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Dantonio’s staff choices will tell us: Is this program elite? Or not?

What is this? An an elite, winning program? Or an after school buddy club?

Redbox Bowl - Michigan State v Oregon Photo by Thearon W. Henderson/Getty Images

It’s judgement day or week or month for Mark Dantonio and MSU.

Do you want to be a serious program? Or do you want to be an after school club where your friends hang out?

Here’s what serious programs do: They compete for conference titles. They go to (and win) New Year’s Six Bowl games. They dominate their rivalries.

Under Mark Dantonio, MSU has achieved all of those and has established itself as a serious, winning program.

Here’s what serious programs don’t do: See their program crash and burn back to mediocrity out of stubbornness.

Well, under Mark Dantonio lays a very horrible offense. And the stubbornness to not make any staff changes whatsoever will send a message that, no, MSU isn’t serious about being an elite program.

It’s not even that hard of a change.

Even an average offensive coordinator would’ve been fine. MSU was an average offense away this year from playing in another New Year’s Six Bowl, at worst. At best, they could have been playing for another Big Ten title and possibly another shot at the College Football Playoff.

An average offense definitely gets you wins over Arizona State, Nebraska and Ohio State. Maybe even wins against Michigan or Northwestern. Regardless, at least three wins were filed under the loss column.

NCAA Football: Redbox Bowl-Michigan State vs Oregon Stan Szeto-USA TODAY Sports

And save me the injury excuses after watching a MSU team with just one injured starter (Felton Davis) and one whole month to prepare score zero touchdowns against a very average defense in Oregon. And injuries aren’t making you call three straight run plays after your starting running back exits the game, only to follow it up with an unprotected rollout on 4th and 1. Or call a jet sweep to the short side of the field in the red zone on 2nd and 10. This wasn’t the only game those inane play calls happened either – I just don’t have the time to type them all out, and you don’t have the time (or deserve the misery) to read them all.

The proof of MSU’s steady downfall to its offensive-to-watch offense is in the offensive S&P+ rankings – a complex but reliable way to gauge how well a unit performs. Here is how MSU has fared in the last few years…

2014: 10th

2015: 31st

2016: 66th

2017: 92nd

2018: 114th

You’re getting figured out. Your offense is as obsolete as a Redbox kiosk. You’re scoring two touchdowns in your last four games. And, more damning, you’ve wasted the nation’s-best defense.

I’ll type it again – this team was just an average offense away from accomplishing big things. Instead of playing in Pasadena or Atlanta or wherever the defense deserved to play, you played to a 7-6 loss in the Redbox Bowl.

Shaking up the staff to get with the times and get your quarterback right (more on that in a little bit) is needed to stay in the national conversation. You don’t see elite programs settling for anything below average – it’s why Oklahoma’s Lincoln Riley fired his defensive coordinator and mentor’s brother after a regular season loss to Texas.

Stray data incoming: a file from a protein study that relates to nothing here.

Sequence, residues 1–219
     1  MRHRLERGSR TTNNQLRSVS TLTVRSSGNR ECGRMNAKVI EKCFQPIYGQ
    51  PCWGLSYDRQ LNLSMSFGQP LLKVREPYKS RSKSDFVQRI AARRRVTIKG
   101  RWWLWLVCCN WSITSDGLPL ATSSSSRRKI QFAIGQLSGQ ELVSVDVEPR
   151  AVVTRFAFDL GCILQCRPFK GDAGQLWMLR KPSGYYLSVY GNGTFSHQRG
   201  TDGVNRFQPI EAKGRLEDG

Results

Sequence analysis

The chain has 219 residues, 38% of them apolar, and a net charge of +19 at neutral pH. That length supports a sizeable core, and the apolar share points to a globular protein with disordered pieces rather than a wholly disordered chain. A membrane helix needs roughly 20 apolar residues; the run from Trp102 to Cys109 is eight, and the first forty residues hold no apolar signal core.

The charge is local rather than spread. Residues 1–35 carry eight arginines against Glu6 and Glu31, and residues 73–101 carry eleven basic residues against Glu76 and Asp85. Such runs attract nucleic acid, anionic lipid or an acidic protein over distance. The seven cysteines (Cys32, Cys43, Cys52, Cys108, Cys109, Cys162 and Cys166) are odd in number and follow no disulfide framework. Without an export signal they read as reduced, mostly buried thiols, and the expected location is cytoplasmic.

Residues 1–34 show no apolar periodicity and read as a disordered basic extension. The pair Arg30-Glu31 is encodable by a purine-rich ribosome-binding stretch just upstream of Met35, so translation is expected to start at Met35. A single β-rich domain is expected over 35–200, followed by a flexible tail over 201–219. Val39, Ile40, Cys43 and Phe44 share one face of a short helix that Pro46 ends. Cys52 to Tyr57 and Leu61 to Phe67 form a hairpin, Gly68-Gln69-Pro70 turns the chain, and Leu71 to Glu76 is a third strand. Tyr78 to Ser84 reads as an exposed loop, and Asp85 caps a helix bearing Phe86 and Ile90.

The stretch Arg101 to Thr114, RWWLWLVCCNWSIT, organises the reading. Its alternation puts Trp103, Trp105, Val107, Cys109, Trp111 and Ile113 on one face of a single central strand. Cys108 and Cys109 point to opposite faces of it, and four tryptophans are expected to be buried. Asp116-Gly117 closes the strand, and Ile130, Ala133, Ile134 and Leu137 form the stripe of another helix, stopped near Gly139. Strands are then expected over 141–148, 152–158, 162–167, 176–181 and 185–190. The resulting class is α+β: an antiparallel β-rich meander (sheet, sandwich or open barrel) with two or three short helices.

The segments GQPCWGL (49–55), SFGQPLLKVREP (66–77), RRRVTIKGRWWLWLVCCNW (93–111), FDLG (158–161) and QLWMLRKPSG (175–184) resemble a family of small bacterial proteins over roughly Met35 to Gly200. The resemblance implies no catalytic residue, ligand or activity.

Could you imagine if Notre Dame kept Brian VanGorder as defensive coordinator? Or if Ohio State kept Ed Warriner and Tim Beck as their co-offensive coordinators after the 2016 season where they pitched a shutout against Clemson? And those two didn’t coach units nearly as troubled as MSU’s offense.

Elite programs don’t settle for average, let alone well below average.

NCAA Football: Redbox Bowl-Michigan State vs Oregon Stan Szeto-USA TODAY Sports

If for nothing else, do it for the quarterbacks.

It’s official – the quarterback position is a disaster.

And gee, I wonder why? It’s almost as if…

-Brian Lewerke was playing hurt against Michigan.

-Rocky Lombardi started against Purdue, looked great, but then was inexplicably benched for the still-hurt Brian Lewerke the following week. Just laying a nuke on any confidence Rocky built up during that Purdue win.

-After Lewerke struggles against Maryland and Ohio State (because, duh, he’s hurt), the coaching staff still insists that he’s actually not hurt for some reason. Cool, now the public thinks Lewerke is perfectly healthy and just actually sucks. I’m sure that’s awesome for a young quarterback’s psyche.

-Lombardi finally gets to play the last two games. Wow, I’m sure he has a lot of confidence and moxie after seeing his staff trot out a guy without a shoulder in his place. Shockingly enough, Rocky looked nothing like he did against Purdue. Now, I will say, having about 49 drops against Nebraska didn’t help either.

-Lewerke plays against Oregon after a month of preparation and looked like he’s never played the position before.

WOW, how did the once-solid quarterback situation turn into a two month-long sequence of Kevin spilling chili all over the place?

The poor kids need to throw the 2018 season into the dumpster and head into 2019 with a new mindset and change of scenery. I don’t know if that’s saying goodbye to QB coach Brad Salem or co-offensive coordinators Dave Warner and Wilford Brimley Jim Bollman.

Between the actual offensive production and quarterback’s needing a fresh slate, I don’t know how an elite program can just stand firm on the staff. Or, then again, maybe this isn’t an elite program.

Mark Dantonio gets to make that decision any time now.